A merger is a complicated transaction, involving fairly complex legal considerations. While evaluating a merger proposal, one should bear in mind the following legal provisions.
Sections 391 to 394 of the companies act, 1956 contain the provisions for amalgamations. The procedure for amalgamation normally involves the following steps:
- Examination of object Clauses: The memorandum of association of both the companies should be examined to check if the power to amalgamate is available. Further, the object clause of the amalgamated company (transferee company) should permit it to carry on the business of the amalgamating company (transferor company ) .If such clauses do not exists, necessary approvals of the shareholders, boards of directors and Company Law Board are required.
- Intimation to stock Exchanges: The stock exchanges where the amalgamated and amalgamating companies are listed should be informed about the amalgamation proposal. From time to time, copies of all notices, resolutions, and orders should be mailed to the concerned stock exchanges.
- Approval of the draft amalgamation proposal by the Respective Boards: The draft amalgamation proposal should be approved by the respective boards of directors. The board of each company should pass a resolution authorizing its directors/executives to pursue the matter further.
- Application to the National Company Law Tribunal (NCLT): Once the draft of amalgamation proposal is approved by the respective boards, each company should make an application to the NCLT so that it can convene the meetings of shareholders and creditors for passing the amalgamation proposal.
- Dispatch of notice to shareholders and creditors: In order to convene the meeting of shareholders and creditors, a notice and an explanatory statement of the meeting, as approved by the NCLT, should be dispatched by each company to its shareholders and creditors so that they get 21 days advance intimation. The notice of the meetings should also be published in two newspapers (one English and one vernacular). An affidavit confirming that the notice has been dispatched to the shareholders/creditors and that the same has been published in newspapers should be filed with the NCLT.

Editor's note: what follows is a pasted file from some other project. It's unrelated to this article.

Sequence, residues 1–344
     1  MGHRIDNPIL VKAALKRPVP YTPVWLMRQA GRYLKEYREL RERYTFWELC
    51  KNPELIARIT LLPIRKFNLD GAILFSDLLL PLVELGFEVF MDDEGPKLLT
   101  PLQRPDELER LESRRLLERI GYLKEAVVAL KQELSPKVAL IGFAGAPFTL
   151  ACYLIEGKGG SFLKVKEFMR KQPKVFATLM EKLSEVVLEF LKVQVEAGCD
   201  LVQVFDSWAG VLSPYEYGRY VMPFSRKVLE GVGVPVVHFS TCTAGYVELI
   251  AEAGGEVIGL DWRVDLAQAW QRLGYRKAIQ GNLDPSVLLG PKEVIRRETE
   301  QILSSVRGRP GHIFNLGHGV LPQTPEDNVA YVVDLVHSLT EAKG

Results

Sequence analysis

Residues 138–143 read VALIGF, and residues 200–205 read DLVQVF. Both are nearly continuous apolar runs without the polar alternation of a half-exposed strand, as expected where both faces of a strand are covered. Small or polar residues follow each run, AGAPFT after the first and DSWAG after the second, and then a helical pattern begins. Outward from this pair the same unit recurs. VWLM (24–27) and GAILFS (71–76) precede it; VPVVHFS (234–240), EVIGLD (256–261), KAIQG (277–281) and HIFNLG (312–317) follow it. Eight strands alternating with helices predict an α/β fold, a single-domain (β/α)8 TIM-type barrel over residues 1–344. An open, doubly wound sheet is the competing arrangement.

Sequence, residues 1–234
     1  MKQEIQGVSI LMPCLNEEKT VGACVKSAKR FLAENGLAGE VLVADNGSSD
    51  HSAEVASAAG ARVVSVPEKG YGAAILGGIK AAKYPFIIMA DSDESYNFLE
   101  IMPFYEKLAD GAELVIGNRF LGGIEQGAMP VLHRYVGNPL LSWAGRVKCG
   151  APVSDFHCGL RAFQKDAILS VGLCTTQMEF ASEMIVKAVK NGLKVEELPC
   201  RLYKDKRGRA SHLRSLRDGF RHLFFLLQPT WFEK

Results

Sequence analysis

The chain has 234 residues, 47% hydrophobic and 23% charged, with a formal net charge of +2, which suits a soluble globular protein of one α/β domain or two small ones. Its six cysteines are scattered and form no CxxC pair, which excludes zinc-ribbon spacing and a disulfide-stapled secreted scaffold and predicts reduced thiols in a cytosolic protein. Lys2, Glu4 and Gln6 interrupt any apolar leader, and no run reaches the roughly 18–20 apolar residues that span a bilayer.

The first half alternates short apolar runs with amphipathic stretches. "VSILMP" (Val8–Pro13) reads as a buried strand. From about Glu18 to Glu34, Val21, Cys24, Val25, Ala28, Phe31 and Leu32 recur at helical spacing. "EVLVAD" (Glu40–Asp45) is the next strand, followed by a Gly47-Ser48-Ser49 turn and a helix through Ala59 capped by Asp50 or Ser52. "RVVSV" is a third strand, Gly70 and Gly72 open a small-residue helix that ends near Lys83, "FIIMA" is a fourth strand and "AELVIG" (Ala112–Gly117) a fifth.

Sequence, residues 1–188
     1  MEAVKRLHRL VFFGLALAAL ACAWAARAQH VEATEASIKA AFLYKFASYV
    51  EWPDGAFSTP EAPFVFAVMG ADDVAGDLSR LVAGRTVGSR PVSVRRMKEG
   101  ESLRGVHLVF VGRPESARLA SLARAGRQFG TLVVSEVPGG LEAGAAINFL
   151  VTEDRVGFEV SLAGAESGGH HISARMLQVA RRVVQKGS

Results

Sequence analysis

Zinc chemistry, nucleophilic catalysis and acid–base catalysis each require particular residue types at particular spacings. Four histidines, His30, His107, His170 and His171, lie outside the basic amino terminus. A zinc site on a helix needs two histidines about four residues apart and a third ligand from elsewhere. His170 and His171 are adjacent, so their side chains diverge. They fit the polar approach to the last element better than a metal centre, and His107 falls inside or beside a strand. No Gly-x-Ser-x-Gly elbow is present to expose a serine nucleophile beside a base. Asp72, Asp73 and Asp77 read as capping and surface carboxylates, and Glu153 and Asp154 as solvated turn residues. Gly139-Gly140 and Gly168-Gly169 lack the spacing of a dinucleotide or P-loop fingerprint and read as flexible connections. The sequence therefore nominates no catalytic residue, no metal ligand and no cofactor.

- Holding of Meetings of shareholders and creditors: A meeting of shareholders should be held by each company for passing the scheme of amalgamation. At least 75 percent (in value) of shareholders in each class, who vote either in person or by proxy, must approve the scheme of amalgamation. Likewise, in a separate meeting, the creditors of the company must approve of the amalgamation scheme.
- Petition to the NCLT for confirmation and passing of NCLT orders: Once the amalgamation scheme is passed by the shareholders and creditors, the companies involved in the amalgamation should present a petition to the NCLT for confirming the scheme of amalgamation. The NCLT will fix a date of hearing. A notice about the same has to be published in two newspapers. After hearing the parties the parties concerned ascertaining that the amalgamation scheme is fair and reasonable, the NCLT will pass an order sanctioning the same. However, the NCLT is empowered to modify the scheme and pass orders accordingly.
- Filing the order with the Registrar: Certified true copies of the NCLT order must be filed with the Registrar of Companies within the time limit specified by the NCLT.
- Transfer of Assets and Liabilities: After the final orders have been passed by the NCLT, all the assets and liabilities of the amalgamating company will, with effect from the appointed date, have to be transferred to the amalgamated company.
- Issue of shares and debentures: The amalgamated company, after fulfilling the provisions of the law, should issue shares and debentures of the amalgamated company. The new shares and debentures so issued will then be listed on the stock exchange.